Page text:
Reviewing Israel’s hightech economy, November 2017
Having been away from my desk for much of the past two weeks, it has been an interesting experience taking a peak out at how the Israeli economy has been performing. The bottom line is that despite the enforced rudderless approach of Prime Minister Netanyahu, the numbers are still looking healthy. How and why?
Primarily, tax collections continue to be way ahead of expected levels. This is enabling the government to hand back around 15 billion shekels through reduced corporation and individual taxation, without impacting on the deficit. Foreign currency reserves continue to improve, while the levels of car imports – an indicative sign of consumer confidence – remain high. The customary issues of non-involvement of the ultra-orthodox Haredim in the workforce and also sectorial restrictive practices remain as unwanted abnormalities, but still the economy grows.
It is the high-tech sector that is leading the growth. Multinational car manufacturers such as Toyota and Seat are continuing to source their latest techs in the Holy Land. Start-ups are raising much larger sums that ever before. And Corephotonics is even suing Apple for alleged infringement over its lens tech.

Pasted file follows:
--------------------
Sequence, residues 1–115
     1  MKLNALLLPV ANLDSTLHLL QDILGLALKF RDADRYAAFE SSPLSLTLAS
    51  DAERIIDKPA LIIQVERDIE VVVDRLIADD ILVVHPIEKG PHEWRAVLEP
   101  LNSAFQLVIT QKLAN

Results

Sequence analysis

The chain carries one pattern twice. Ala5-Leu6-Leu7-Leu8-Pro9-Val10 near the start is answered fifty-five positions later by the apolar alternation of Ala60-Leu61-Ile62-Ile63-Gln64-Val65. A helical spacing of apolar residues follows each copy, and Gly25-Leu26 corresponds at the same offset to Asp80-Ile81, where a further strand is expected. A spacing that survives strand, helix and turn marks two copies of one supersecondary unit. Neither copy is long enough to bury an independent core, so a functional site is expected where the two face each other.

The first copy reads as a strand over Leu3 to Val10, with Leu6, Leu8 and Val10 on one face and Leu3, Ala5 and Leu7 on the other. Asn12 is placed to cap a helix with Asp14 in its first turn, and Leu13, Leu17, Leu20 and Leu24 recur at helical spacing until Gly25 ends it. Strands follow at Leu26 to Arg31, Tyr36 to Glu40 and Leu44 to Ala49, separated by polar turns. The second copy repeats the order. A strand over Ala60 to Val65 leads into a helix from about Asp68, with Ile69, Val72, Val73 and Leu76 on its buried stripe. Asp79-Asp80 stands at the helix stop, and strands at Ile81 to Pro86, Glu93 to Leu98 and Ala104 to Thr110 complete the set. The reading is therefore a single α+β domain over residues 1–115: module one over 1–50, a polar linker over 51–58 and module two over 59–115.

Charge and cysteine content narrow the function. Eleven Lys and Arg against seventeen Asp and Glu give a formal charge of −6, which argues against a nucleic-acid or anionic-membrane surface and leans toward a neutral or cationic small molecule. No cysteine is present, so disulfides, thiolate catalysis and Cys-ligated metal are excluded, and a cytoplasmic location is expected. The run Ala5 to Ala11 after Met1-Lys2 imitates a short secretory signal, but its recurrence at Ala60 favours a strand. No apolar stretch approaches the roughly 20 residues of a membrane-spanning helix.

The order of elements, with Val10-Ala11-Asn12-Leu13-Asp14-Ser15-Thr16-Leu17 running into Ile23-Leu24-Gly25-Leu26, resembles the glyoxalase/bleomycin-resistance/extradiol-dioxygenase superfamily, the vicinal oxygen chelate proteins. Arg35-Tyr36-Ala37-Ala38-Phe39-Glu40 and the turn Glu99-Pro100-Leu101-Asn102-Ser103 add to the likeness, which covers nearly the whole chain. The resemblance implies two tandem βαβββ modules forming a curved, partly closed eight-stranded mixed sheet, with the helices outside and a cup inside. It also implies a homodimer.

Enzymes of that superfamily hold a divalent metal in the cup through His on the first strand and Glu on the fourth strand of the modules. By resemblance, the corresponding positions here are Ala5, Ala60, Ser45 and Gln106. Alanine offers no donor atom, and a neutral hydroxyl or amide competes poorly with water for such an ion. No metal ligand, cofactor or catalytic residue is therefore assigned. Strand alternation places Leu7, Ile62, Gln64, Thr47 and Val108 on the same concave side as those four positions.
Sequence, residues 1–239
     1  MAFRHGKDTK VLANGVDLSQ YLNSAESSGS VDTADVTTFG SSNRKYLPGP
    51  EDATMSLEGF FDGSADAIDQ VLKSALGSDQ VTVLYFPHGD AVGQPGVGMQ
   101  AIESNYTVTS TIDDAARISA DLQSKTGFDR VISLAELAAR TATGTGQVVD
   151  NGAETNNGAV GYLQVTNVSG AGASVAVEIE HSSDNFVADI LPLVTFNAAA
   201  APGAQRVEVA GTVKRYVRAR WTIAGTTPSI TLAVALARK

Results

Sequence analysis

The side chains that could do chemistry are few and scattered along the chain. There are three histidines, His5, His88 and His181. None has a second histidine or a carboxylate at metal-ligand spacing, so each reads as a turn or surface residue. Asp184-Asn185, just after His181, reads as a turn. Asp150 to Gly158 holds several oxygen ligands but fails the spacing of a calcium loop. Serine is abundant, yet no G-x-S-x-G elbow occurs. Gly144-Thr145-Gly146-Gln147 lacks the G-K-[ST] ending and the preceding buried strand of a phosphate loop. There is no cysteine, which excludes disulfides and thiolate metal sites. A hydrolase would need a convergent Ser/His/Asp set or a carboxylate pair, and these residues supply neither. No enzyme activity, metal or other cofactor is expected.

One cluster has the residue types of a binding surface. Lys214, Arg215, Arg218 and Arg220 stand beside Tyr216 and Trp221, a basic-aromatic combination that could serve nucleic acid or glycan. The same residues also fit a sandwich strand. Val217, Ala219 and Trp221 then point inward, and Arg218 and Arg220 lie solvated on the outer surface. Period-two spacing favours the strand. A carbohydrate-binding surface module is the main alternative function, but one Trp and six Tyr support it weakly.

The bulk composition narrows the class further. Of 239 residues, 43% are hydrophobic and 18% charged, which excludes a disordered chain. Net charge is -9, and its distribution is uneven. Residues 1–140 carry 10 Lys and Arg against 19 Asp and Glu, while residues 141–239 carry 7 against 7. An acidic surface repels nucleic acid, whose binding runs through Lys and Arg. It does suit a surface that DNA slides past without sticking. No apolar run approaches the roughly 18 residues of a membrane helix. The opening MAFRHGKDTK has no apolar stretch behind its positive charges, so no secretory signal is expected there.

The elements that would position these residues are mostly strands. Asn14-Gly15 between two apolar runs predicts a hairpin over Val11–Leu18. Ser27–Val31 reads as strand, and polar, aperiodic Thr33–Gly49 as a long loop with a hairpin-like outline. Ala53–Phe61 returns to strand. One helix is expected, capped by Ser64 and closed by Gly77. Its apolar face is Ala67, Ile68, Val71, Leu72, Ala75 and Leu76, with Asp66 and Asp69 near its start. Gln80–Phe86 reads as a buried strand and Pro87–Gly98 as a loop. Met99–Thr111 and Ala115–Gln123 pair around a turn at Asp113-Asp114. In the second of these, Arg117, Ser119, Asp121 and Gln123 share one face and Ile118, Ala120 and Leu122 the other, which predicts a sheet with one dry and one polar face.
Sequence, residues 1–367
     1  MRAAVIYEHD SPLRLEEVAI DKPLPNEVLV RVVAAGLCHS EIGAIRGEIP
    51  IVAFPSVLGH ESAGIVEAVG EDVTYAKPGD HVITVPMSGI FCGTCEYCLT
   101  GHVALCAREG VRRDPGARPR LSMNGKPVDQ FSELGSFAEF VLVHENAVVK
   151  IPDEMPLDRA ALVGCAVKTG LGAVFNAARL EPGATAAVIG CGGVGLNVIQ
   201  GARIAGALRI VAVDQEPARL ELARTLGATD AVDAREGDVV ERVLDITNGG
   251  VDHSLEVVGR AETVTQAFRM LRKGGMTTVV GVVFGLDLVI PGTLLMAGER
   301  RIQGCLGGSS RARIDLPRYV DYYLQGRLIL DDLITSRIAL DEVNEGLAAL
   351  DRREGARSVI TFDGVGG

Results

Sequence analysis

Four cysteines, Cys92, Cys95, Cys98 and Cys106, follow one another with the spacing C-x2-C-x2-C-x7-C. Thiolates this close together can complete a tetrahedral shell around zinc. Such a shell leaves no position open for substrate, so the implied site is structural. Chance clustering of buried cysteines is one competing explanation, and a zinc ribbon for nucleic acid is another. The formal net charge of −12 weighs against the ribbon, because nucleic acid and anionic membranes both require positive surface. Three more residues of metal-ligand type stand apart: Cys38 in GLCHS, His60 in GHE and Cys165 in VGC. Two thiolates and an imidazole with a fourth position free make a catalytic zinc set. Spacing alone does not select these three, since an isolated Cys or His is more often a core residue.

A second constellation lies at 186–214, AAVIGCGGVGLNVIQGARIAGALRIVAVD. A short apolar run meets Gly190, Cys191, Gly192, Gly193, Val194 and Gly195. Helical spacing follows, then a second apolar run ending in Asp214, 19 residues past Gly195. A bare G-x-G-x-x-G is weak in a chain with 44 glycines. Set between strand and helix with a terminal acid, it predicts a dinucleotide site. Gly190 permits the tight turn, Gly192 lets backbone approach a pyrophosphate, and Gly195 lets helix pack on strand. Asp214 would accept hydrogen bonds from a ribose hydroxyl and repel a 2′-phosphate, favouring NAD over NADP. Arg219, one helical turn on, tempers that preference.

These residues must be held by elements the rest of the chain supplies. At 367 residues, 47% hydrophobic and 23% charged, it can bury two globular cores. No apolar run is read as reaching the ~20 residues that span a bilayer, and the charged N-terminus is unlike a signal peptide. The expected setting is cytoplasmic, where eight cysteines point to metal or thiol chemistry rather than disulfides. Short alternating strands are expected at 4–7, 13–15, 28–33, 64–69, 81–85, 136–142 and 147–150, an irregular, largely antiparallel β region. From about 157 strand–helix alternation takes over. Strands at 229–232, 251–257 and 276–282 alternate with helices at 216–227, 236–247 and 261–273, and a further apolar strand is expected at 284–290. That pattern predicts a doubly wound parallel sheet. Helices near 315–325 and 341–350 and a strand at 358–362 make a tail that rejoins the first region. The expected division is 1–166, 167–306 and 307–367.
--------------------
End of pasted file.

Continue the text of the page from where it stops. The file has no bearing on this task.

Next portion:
The story of the week for me belongs to Compass. It has raised US$100m, effectively doubling its valuation to to around US$1.8 billion. Founded in 20,13 by Dr. Uri Alon and Robert Rifkin, the company now employs around 3,000 people in Israel and in the USA. In a nutshell, Compass provides a tech platform to enhance the buying and selling of real estate, a product that has been around for thousands of years.
The message here is clear. The Prime Minister has not created an impression on the economy, but entrepreneurs are not waiting for him to emerge from the welter of police investigations. In parallel, the Finance Minister seems inhibited by the weightings of coalition policy, but there is no reliance on significant change. For me, local innovation is overriding the meanderings of the typical Israeli politician in Jerusalem.